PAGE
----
LJUBLJANA, Jan 29 (Reuters) - The Slovenian Court of Audit, which supervises state accounts and public spending, plans to audit the Bank of Slovenia for the first time, the court told Reuters on Tuesday.
It added no details on the planned audit can be revealed at present. However, sources told Reuters the audit is expected to include a costly Slovenian bank overhaul in 2013. The audit was enabled by Slovenia legislation changes in 2017.
“The audit will be demanding and may last several months,” the head of the court, Tomaz Vesel, told Reuters by phone.
“We will have to look at each document and together with the Bank of Slovenia determine whether it comes under our authority or under the authority of the European Central Bank.”
The Bank of Slovenia told Reuters it had received the court’s decree on the planned audit but declined any further comment.
The central bank came under fire by local analysts and media after the 2013 bank overhaul as many analysts claim the central bank forced the government to put too much money into banks and argue the banks’ shares and subordinated bonds should not have been scrapped in the process.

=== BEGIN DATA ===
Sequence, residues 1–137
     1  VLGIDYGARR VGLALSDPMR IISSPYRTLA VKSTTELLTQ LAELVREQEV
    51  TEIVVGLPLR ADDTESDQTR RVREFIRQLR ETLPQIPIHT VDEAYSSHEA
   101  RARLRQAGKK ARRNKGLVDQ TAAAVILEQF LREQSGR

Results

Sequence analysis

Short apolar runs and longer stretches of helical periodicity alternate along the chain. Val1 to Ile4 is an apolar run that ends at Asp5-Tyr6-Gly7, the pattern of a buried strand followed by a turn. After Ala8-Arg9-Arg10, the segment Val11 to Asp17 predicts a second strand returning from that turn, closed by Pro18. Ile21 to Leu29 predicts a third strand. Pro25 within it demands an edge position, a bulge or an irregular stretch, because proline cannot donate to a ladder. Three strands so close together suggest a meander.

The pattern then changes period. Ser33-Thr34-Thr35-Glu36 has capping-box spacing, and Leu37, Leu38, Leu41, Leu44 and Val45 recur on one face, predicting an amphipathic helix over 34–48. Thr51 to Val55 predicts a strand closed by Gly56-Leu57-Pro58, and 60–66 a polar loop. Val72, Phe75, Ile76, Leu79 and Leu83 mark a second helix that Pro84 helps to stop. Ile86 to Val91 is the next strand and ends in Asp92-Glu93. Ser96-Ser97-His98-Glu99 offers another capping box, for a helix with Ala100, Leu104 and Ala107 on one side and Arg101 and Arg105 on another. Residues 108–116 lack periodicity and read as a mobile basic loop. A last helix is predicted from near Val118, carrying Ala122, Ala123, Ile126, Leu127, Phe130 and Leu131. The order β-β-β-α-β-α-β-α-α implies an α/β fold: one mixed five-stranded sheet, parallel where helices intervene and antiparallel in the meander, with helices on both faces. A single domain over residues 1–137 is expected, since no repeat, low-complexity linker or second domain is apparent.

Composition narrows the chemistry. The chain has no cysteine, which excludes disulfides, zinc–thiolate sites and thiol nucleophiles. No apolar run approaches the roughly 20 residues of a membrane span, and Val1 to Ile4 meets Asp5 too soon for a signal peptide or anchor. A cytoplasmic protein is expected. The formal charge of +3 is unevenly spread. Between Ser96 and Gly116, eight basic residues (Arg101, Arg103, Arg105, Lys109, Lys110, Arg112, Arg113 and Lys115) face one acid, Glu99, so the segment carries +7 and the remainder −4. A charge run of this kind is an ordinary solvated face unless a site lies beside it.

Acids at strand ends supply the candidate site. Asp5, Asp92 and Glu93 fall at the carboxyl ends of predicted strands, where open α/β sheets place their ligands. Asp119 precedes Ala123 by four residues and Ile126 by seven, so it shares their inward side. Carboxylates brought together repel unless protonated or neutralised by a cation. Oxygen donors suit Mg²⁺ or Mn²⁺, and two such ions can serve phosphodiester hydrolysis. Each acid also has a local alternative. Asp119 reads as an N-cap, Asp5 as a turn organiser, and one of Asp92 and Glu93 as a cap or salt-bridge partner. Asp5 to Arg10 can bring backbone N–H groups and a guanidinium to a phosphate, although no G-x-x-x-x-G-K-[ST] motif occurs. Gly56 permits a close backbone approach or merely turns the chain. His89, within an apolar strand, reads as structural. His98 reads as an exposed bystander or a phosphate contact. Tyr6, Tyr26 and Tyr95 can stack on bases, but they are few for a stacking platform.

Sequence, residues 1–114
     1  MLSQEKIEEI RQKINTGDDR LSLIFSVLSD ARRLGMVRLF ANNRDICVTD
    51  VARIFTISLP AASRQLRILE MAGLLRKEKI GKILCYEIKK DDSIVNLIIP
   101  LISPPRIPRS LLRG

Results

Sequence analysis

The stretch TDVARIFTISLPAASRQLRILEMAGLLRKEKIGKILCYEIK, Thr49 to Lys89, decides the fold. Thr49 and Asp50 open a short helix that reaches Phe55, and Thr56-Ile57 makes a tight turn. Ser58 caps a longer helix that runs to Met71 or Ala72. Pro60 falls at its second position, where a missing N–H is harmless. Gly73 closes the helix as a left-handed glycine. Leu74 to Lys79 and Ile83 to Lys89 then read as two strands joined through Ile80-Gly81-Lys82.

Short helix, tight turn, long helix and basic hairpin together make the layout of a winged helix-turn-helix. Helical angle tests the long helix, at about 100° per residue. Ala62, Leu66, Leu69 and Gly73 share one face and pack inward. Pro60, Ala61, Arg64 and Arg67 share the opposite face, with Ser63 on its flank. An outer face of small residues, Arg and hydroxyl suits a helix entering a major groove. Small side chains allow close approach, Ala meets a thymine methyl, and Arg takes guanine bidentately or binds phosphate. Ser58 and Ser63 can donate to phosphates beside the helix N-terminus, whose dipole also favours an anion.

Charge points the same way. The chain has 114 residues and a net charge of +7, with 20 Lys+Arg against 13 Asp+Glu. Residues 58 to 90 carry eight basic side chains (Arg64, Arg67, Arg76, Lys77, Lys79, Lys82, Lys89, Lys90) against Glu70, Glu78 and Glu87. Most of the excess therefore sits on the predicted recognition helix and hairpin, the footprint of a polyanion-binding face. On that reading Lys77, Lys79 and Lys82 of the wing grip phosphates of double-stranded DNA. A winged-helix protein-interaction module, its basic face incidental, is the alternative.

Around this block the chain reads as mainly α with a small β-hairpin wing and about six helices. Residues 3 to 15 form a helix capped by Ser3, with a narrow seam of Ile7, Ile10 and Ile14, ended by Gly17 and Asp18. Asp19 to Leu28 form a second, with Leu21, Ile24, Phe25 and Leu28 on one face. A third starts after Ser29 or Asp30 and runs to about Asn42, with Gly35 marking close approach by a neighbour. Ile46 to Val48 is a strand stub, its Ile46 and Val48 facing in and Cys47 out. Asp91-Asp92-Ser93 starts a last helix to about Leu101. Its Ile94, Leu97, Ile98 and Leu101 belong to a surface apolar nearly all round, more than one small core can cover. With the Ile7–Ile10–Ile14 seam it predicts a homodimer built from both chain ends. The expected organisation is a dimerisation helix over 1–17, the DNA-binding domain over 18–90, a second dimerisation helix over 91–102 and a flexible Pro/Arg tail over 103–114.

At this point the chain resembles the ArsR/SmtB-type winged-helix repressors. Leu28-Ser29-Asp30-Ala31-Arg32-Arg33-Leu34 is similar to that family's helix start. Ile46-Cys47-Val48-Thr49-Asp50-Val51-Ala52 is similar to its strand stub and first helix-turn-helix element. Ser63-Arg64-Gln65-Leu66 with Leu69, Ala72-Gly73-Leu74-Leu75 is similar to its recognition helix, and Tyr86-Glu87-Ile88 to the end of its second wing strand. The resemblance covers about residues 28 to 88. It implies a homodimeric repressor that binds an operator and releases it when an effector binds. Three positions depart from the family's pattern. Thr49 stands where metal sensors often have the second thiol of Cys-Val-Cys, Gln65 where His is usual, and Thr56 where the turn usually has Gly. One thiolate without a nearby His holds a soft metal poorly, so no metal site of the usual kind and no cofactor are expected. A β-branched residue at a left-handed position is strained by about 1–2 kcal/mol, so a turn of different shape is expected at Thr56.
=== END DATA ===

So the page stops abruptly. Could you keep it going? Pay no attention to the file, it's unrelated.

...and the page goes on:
In 2013 the government had to pour more than 3 billion euros ($3.43 billion) into several local banks to prevent them from collapsing under a large amount of bad loans. In that way the country managed to narrowly avoid an international bailout.
About 600 million euros of subordinated bonds issued by six rescued banks were also scrapped in the process and many bond owners have turned to the courts, demanding their money back. So far no court case has been finalised.
Last week the European Commission said it will take Slovenia to court for having seized European Central Bank data during a 2016 police investigation at the Bank of Slovenia which was focused on the bank overhaul. ($1 = 0.8756 euros) (Reporting By Marja Novak, Editing by William Maclean)